I hope that it speaks to the mainstream television and movie industries. The benefits of working as an artist is that I don’t have to consider the bottom dollar. I don’t have to sit in a meeting with a TV exec telling me that perhaps one of my female leads shouldn’t be masturbating or that we really need to put a couple of guys in for the ratings. We’re obviously talking about stills as set against moving image, but I wonder if there is room for the true auteur anymore in that world. So back to the previous point, perhaps if the images excite and appear unusual, that might tell you something about what is missing in the roles currently allocated to women.
I don’t want to bill this series as some sort of panacea—there are lots of things and people not represented in there. But it’s a start at having more colorful roles for women. I’d want to hang out with any of these girls and there just aren’t enough films or television shows with characters that make me feel the same.
Despite being a single series, Twin Palms encompasses several short sequences, each having a different woman as a protagonist. Can you talk a bit about your process for creating these characters and stories?
I’m a huge fan of the original 1950s-60s series The Twilight Zone. What I love about so many of their stories is that a homogenous universe is created in a single town or place where the rules of social engagement or even the rules of physics are somehow turned on their head. It’s such a fascinating idea for me. So Twin Palms became one of those places where something has gone awry; this ‘mass hysteria’ has taken hold and these women are no longer sitting back and patiently performing the duties assigned to them.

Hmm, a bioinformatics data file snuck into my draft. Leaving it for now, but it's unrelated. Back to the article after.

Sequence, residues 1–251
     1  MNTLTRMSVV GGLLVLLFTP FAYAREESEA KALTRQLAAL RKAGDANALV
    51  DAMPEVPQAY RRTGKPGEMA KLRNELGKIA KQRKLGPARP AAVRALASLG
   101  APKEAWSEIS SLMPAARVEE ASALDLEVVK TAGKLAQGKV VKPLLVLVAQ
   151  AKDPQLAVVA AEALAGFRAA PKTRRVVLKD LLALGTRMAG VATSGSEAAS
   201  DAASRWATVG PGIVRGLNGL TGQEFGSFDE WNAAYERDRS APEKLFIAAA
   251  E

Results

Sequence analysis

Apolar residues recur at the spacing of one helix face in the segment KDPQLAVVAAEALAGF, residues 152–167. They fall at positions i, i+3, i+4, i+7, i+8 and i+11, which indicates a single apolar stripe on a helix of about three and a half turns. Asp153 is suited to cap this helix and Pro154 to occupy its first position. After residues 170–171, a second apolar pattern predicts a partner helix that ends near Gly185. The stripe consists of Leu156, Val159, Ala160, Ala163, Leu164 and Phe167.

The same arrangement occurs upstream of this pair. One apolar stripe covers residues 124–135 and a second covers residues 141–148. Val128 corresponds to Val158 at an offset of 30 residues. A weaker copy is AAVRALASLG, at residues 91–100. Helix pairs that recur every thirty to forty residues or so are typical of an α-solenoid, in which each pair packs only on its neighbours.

In terms of the short sequences, I think this is one of the benefits of art or stills, that you aren’t constrained to plot and linear storytelling. I have shot linear stories, like my series The Trip and Born on the Bayou, but it’s also refreshing to escape this. One of my favorite films in the world is Slacker by Richard Linklater; it has no cohesive plot. It just moves smoothly from one brilliant vignette to the next. But the concept of the short sequences was also to examine this neighborhood on a house by house basis. I just loved the idea that you could see this beautiful mid-century house, and then something odd was going on inside. And something equally odd is going on in the next one.
How did you get the idea for Twin Palms?